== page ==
C. T. BELLO, M.D.; J. R. LEWIN, M.D.; C. M. NORRIS, M.D.; G. E. FARRAR JR., M.D., F.A.C.P.
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Achalasia (cardiospasm) is not a rare condition. It is usually seen in the middle aged individual and is characterized clinically by symptoms of dysphagia, regurgitation of food and epigastric discomfort. The roentgenologic diagnosis of cardiospasm is dependent upon the findings of varying amounts of dilatation of the esophagus and a smooth conical narrowing of the sub-diaphragmatic portion, which obstructs the flow of ingested contrast medium to varying degrees. It is interesting to note that achalasia is occasionally mis-diagnosed as a mediastinal tumor or abscess.1, 2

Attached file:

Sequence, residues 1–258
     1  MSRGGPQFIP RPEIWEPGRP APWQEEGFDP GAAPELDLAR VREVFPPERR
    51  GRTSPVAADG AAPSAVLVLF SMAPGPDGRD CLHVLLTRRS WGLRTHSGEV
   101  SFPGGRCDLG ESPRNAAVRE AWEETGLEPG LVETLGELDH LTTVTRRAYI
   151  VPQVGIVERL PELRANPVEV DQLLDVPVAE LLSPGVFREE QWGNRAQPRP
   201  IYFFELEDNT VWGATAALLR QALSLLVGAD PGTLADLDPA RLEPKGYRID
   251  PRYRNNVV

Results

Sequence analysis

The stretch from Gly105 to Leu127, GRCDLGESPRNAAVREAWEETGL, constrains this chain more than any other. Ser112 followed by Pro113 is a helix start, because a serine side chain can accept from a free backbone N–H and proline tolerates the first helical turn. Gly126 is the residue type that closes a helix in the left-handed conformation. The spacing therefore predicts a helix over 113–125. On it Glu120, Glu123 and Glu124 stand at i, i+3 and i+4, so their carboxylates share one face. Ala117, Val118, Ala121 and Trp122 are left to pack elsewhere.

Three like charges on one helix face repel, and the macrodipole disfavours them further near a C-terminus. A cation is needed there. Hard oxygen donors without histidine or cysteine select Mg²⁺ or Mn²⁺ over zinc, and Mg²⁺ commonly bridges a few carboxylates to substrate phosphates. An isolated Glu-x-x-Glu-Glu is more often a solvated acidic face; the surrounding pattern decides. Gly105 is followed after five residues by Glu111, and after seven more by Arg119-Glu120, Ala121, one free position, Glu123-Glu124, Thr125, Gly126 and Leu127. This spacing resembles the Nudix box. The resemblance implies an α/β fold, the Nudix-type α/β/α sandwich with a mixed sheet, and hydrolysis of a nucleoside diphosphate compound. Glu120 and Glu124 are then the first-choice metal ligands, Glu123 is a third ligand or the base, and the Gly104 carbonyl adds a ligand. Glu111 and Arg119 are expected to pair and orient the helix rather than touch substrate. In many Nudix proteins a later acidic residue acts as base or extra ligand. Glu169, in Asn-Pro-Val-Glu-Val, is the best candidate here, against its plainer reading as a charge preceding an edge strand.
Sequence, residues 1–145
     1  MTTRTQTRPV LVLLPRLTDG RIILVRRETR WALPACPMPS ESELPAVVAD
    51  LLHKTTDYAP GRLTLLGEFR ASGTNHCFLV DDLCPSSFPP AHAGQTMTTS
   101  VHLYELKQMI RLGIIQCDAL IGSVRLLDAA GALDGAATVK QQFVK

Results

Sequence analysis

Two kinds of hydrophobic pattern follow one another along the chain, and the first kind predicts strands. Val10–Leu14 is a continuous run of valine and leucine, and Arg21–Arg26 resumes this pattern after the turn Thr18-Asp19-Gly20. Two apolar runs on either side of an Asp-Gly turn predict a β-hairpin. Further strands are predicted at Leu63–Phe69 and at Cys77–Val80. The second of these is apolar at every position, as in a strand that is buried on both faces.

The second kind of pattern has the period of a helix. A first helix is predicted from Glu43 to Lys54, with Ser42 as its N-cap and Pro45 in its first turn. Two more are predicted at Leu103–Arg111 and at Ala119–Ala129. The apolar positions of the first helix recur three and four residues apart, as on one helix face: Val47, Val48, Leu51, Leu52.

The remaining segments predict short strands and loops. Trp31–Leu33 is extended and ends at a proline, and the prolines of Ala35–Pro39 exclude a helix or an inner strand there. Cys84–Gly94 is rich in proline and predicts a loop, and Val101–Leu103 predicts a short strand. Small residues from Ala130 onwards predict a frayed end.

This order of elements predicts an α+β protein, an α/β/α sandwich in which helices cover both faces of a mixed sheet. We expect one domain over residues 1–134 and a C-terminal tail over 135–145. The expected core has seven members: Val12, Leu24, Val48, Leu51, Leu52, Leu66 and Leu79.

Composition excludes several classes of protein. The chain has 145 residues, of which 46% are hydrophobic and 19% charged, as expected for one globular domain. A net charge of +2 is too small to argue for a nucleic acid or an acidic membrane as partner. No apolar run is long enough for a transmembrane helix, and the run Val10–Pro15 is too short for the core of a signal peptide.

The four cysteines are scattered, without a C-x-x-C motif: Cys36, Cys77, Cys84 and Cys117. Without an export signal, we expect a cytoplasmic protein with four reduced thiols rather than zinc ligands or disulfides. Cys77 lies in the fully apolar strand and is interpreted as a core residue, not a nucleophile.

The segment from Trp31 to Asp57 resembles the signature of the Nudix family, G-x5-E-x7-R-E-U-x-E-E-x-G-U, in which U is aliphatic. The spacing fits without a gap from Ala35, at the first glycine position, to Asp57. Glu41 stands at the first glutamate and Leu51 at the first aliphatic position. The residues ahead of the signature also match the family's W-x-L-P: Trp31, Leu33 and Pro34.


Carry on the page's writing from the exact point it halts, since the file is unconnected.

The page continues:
We believe this case of achalasia to present certain unusual clinical and roentgenologic manifestations heretofore
BELLO CT, LEWIN JR, NORRIS CM, et al. ACHALASIA (CARDIOSPASM): REPORT OF A CASE WITH EXTREME AND UNUSUAL MANIFESTATIONS1. Ann Intern Med. 1950;32:1184–1190. doi: 10.7326/0003-4819-32-6-1184
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Published: Ann Intern Med. 1950;32(6):1184-1190.
Esophageal Disorders, Gastroenterology/Hepatology.
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